From the very first time that pen was set to paper, poets and writers wrote about the subject that probably preoccupies us the most: fate. The past is over; we know it can’t be altered, but the future is still changeable. What we do now, will affect what we become tomorrow. This has largely become the modern view, but many people, and particularly more religious thinkers, feel that our fate is not in our own hands but mostly out of them. In other words, try as you may, you cannot change what has been set down, and possibly even since the moment you were born. This view of fate sets aside the idea of free will, the belief that we can shape our own destiny, in favour of a more deterministic, resigned approach, characterised in some cultures by the words, ‘if it pleases God’, or ‘if God wills it.’
At the time of the Ancient Egyptians and Greeks, this belief was standard thinking. In very early Greek literature, the poet Hesiod writes about three women who spin the fabric of destiny for the mortals. The Spinner makes the thread of life; the Allotter puts it together and the Unalterable one cuts it where it has to end. That is your lot; deal with it as you can. The heroes of Greek poetry were convinced that they could not change their fate, even though they did their best at times, pleading for a bit of slack from the gods when things turned nasty. Not that it did them much good, since the gods had the last word, and that word was immutable. But what about the Ancient Egyptians, whose civilisation predates the Greeks by at least a couple of millennia?
The Ancient Egyptians allotted the role of fateful decision-making to not three but seven elderly ladies, who again decided the moment of death at the moment of birth. There was, however, one glimmer of hope on the horizon. If you knew your fate, there was a chance that you could change it. But you would still have to petition the gods to have any hope of success.
Eventually, the Greeks modified their approach. Philosophers such as Aristotle felt that people should take greater responsibility for their fate, and that absolute determinism (the conviction that the gods or a God controls our destiny from A to Z) took away individual freedom and was therefore undesirable and even potentially dangerous.
Astronomy was a growing discipline at the time, and universal law was just beginning to be examined by Greek scholars; they drew their inspiration from the Babylonians who had already conceived of astrology as a more ‘religious’ interpretation of astronomy. Epicurus, a Greek scholar living in the third century BC, went as far as saying that there were ‘swerves’ of fate, that some things happened because they had to, and so were unchangeable, others happened randomly, and some could be controlled by humankind. Fate was finally removed from the lap of the gods and placed neatly in our own. What were we going to do about it?
Without a doubt, resignation to one’s fate is a good deal simpler than taking responsibility for it. The idea that we are directly responsible for everything that happens to us can be liberating to some, uncomfortable to others. It can, at worst, make us paranoid; at best it can make us dynamic. Once Epicurus had put pen to paper, people did not waste much time in tipping the question of fate back the way of the gods, or the one God, specifically.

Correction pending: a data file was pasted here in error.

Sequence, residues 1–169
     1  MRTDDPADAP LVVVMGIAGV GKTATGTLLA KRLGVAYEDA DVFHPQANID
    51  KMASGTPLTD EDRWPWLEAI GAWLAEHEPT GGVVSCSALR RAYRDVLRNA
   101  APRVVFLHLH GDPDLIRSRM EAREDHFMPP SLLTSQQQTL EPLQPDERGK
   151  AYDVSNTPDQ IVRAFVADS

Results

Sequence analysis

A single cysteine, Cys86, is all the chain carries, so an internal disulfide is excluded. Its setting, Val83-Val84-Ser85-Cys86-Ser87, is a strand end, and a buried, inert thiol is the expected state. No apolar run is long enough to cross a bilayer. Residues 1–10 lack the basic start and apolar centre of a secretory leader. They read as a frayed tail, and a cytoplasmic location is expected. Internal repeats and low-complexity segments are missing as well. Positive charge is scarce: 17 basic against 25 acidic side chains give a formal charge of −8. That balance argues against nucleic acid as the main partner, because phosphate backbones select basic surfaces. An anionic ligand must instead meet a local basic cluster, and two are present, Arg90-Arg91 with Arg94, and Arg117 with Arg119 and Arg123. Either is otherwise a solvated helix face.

Christianity was more than ready to welcome us back from the brink of free will with open arms; as divine will took over again, the relief must have been great. But there were other cultures that took up the matter of fate and wove their own conclusions into the cloth. One of these was Anglo-Saxon, a culture of Germanic/Celtic origin, which had a radically different take on the subject of when and how and why.
The Norse gods were a driving force in Germanic culture, but they did not have the final word. The three wise women came back on the scene, and they carved the destinies of children into the tree of the present that grew from the well of the past — but what about the future?
The carvings on the tree were seen as a possible future, but not a fixed one. The tree took its water from the well, but it then branched out however it saw fit. The present has the power to change the future. Interestingly, not just the future of one person, but also the future of many, as one branch can feed into other branches, on which those branches then depend. Fate deepens, branches out. The choices that we make suddenly become that much more significant because their range is greater. What we do as individuals can have a greater or lesser impact on those we come into contact with, and sometimes even indirectly. In this model, humankind is bound together in a web of fate; one touch here or there, and things will change for someone.
We all feel this, intuitively, but the desire to see the future as having been already preconceived remains strong. Astrology continues to have a broad appeal, and many turn to clairvoyants to get a handle on the future, for better or for worse. In which case whatever we may learn from them could once again alter what we do. Would the carvings on the tree then be rewritten? And if so, have we really gained more control, or simply changed one set of possible outcomes for another?